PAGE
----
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Tropical Bedbugs Creeping Back to Florida
These cousins to the common variety haven't been seen since the 1930s or '40s
-- Robert Preidt
FRIDAY, Nov. 11, 2016 (HealthDay News) -- There's more reason for Floridians to check their sofas and mattresses: Tropical bedbugs have been confirmed in the state for the first time in at least 60 years, scientists report.
There has already been a resurgence of common bedbugs. This discovery suggests the same thing may be occurring with tropical bedbugs. These bugs were last confirmed in Florida in the 1930s and 1940s, researchers said.
The tropical bedbugs were found in a home in Brevard County, according to researchers from the University of Florida Institute of Food and Agricultural Sciences. They reported their findings in the journal Florida Entomologist.
So far, this is the only confirmed case of tropical bedbugs in Florida, but the scientists think these bugs are present in other parts of Florida and other Southern states.
"I personally believe that in Florida, we have all of the right conditions that could potentially help spread tropical bedbugs, which is the case in other Southern states," said study co-author Brittany Campbell, a doctoral student in entomology.
"As long as you have people traveling and moving bedbugs around, there is a real potential for this species to spread and establish in homes and other dwellings," she explained in a university news release.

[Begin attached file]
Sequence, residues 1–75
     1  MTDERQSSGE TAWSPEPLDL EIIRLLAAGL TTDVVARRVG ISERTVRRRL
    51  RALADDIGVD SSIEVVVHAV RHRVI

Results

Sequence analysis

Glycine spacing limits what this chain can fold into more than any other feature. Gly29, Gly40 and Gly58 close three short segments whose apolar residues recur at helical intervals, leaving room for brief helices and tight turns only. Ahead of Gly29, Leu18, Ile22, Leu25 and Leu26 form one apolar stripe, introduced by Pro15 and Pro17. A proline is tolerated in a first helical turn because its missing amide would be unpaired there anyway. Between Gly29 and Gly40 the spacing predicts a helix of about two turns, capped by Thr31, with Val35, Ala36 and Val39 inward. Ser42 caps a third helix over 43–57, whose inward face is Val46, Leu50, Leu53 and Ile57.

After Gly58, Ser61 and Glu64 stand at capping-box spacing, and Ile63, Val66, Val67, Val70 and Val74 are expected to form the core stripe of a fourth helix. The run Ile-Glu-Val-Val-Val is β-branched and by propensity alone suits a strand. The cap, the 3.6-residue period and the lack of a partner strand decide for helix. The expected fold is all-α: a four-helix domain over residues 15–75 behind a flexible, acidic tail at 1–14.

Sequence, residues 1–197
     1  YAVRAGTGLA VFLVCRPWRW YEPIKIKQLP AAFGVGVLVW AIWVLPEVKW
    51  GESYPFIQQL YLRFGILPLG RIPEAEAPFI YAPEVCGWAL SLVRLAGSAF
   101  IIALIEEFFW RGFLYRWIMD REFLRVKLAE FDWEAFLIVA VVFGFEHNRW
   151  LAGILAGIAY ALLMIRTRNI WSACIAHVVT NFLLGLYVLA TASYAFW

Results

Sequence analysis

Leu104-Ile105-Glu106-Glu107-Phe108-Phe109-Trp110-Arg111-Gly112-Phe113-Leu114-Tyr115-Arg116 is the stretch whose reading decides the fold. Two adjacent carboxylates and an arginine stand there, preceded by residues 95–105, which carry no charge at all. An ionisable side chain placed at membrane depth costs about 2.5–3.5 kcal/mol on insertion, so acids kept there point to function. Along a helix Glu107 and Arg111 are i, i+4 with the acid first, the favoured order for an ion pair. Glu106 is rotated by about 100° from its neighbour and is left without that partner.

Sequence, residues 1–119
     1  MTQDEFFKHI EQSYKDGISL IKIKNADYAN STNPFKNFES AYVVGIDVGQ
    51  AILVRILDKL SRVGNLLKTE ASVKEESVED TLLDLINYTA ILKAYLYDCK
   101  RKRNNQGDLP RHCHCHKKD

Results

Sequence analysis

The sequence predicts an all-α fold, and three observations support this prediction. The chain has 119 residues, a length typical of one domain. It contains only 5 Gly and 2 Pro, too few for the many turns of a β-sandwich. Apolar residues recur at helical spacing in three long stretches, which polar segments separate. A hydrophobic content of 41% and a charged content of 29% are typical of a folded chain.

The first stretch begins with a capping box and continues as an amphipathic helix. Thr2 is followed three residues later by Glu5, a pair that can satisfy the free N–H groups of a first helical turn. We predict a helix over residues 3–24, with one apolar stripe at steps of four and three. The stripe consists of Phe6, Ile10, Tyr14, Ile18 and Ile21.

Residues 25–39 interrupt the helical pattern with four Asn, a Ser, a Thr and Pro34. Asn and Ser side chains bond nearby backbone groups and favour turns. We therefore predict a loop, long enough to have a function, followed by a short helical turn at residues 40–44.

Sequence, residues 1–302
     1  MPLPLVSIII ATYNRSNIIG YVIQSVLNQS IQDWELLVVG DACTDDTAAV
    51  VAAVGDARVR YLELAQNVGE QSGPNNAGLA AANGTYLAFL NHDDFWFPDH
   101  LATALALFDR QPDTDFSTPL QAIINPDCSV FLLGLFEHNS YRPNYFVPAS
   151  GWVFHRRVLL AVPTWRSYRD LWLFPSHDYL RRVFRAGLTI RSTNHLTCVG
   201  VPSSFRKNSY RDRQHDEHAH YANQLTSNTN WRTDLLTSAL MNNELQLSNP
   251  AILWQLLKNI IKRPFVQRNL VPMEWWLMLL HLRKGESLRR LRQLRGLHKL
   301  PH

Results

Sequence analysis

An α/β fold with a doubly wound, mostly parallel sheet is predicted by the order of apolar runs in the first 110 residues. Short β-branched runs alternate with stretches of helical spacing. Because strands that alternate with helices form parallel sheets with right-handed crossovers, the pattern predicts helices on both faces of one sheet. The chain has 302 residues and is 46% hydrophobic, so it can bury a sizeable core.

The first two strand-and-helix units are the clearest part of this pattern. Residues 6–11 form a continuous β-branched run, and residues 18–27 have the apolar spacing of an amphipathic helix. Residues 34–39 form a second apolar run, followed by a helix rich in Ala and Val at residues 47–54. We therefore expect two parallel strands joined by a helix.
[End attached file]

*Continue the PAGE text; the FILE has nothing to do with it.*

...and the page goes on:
Like the common variety, tropical bedbugs feed on human blood and are likely to cause the same itchy, blistery reactions to their bites.
"I have been asking people to send bedbug samples to our laboratory so that I can properly identify the species," Campbell said.
"If they do have a bedbug infestation, because they are so difficult to control, I ask that people consult a pest-control company for a professional service," Campbell advised.
"There isn't as much research available on tropical bedbugs as common bedbugs, but hypothetically they should be able to be controlled the same way as the common bedbug species because their biology/behavior are similar," she said.
The U.S. Centers for Disease Control and Prevention has more on bedbugs.
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